I don’t normally pedestrian-observe cities that I’ve been to so many times, and New Haven is the US city I’ve spent the most time in other than the two I’ve lived in. But my last visit, in which I looked at the closing time of each store and found it compares more favorably with Providence than I’d thought, led me to think why I have such a visceral response to New Haven’s urbanism.
The parking. It hurts. Providence’s Downcity has parking garages and surface lots, but it has nothing on New Haven there. New Haven’s Route 34 stubway is only an actual road for two and a half blocks west of State Street – 800 meters of actual freeway. Beyond that the full width of the block is occupied by a multistory parking deck for 250 meters, passing over York Street and making walking between downtown or most of Yale and Yale-New Haven Hospital unpleasant. Farther out there are two full blocks, or 600 linear meters, of surface lots. On both sides, the parts of Route 34 used for moving cars are also flanked by surface lots.
Although Union Station is located outside city center, and the area immediately to its east is either empty or low-value, the station’s overflow parking lots are located between the station and downtown, on the downtown side of Route 34. There are special shuttles between the train station and the parking lots, and other shuttles between the train station and Yale. It makes Providence Station and Providence Place look like models of megaproject-city integration. To solve that particular problem, New Haven is proposing a circulator streetcar with practically no use other than a parking lot shuttle on rails.
Even inhabited buildings are often surrounded by immense amounts of surface parking. Immediately north of the elevated parking garage over York, there are several towers in parking lots. Even lower-rise housing is frequently surrounded by continuous parking; this is true of most blocks flanking State Street within walking distance of the State Street train station. What’s jarring is not just the percentage of space devoted to parking, but also the size of continuous parking lots; the more intact residential neighborhoods of both New Haven and Providence have small lots behind or between houses, rather than multiple continuous hectares of parking. It’s this preponderance of unlit parking that gives the city a post-apocalyptic feel.
Discounting the parking, the city is surprisingly monocentric. Most of the university and the secondary urban destinations cluster near downtown. Generally they’re west of the office towers – just far enough to avoid creating a true mixed-use neighborhood anywhere – but they’re theoretically within walking distance of everything. It’s not like the multiple cores of Providence and Cambridge. The upside is that Chapel Street doesn’t depopulate at 7 pm the way Downcity does; the downside is that it’s still nowhere as nice as Thayer or Wickenden Street and completely lacks their small cosiness.
It’s too bad, because there is a lot of usable space in New Haven that would make for great development, and also make the rest of the city more livable if built up. The individual buildings that aren’t recent urban renewal projects are fine; there just need to be more of them. Some, though by no means all or even most, of the pedestrian-hostility will go if Route 34 is removed as planned. But the current plans call for the first block removed to be 50% replaced with a parking garage. Moreover, there do not seem to be plans to tear the elevated parking garage over York, even though it’s York and not the streets intersecting the freeway proper that connects to the hospital.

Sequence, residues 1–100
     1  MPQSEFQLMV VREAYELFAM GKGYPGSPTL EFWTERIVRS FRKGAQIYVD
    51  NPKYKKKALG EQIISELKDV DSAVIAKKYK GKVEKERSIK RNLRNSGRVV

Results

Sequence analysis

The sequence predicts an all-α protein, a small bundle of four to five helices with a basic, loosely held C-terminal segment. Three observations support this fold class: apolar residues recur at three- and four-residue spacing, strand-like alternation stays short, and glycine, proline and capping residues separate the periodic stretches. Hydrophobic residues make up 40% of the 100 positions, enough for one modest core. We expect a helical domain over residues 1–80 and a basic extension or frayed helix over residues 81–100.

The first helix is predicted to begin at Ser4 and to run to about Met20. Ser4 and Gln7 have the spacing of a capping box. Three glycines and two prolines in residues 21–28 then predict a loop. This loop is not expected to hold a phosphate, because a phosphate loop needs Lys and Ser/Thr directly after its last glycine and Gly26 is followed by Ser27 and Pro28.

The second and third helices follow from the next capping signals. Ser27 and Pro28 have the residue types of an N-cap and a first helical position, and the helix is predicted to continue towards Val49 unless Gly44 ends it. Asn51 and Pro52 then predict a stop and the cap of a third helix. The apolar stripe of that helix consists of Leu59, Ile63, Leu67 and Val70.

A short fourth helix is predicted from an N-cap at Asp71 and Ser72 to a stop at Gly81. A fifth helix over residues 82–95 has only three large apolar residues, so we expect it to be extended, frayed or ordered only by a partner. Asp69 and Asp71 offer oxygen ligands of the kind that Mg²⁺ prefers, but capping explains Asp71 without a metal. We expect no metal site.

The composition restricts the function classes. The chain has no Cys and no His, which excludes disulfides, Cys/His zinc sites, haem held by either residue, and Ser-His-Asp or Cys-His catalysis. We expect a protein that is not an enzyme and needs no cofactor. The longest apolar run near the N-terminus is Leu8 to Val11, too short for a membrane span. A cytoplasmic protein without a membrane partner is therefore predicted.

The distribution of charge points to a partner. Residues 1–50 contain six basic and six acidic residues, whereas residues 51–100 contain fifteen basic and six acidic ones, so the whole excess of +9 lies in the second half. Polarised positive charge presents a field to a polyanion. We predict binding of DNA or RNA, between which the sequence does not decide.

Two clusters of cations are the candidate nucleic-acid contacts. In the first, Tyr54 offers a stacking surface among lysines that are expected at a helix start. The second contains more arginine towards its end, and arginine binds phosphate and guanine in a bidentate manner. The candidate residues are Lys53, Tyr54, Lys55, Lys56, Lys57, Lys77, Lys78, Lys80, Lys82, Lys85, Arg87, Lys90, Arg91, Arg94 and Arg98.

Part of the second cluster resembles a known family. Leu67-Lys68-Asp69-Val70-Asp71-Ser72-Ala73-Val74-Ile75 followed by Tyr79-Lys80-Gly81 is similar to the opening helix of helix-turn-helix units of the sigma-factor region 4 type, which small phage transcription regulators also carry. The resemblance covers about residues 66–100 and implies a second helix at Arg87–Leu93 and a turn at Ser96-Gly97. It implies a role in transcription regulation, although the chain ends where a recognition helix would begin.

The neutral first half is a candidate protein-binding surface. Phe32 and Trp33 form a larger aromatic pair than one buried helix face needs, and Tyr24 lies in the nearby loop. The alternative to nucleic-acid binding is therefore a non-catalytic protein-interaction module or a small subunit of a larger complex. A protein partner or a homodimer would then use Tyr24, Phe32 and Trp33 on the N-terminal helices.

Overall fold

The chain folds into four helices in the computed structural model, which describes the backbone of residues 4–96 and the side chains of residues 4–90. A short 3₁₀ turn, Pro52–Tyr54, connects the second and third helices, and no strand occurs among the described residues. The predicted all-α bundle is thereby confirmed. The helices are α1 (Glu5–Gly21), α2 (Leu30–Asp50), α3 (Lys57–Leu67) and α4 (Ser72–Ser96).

The problem, I believe, comes from viewing freeway removal as yet another urban renewal program, on a par with one-way streetcar loops, sterile cultural centers, and other universal failures. It’s a preference for the iconic over the mundane that leads New Haven to spurn the idea of removing the freeway and the garage, not mandating any parking, and selling the land in small lots to allow for independent businesses.
Big things almost invariably present a blank street wall. It’s not impossible for big entities to coexist with reasonable urbanism – Brown’s own buildings aren’t the best, but they don’t prevent Thayer Street from more or less working – but big buildings in low-traffic areas do not. A skyscraper in a downtown area with enough demand for it will work – it can have retail in its first floor facing the street, as the Empire State Building does, and the adjacent blocks will also be able to supply urban amenities. A skyscraper surrounded by nothing will not. Neither, for that matter, will a four-story facility occupying half a block; those need to be somewhere, but New Haven has enough space for them already and has no reason to prefer them to blocks with multiple separate buildings owned by different entities.
The end result is that New Haven is likely to stay bad. The suburbanites think it has a shortage of parking; thus, the city builds more for them, instead of realizing that a city will always have a shortage of parking and if it is accused of something it might as well do it and cater to people who it can satisfy. It’s great for cars – even more of the region will be open to them to the exclusion of anyone who uses other modes of transportation. It’s just bad for people.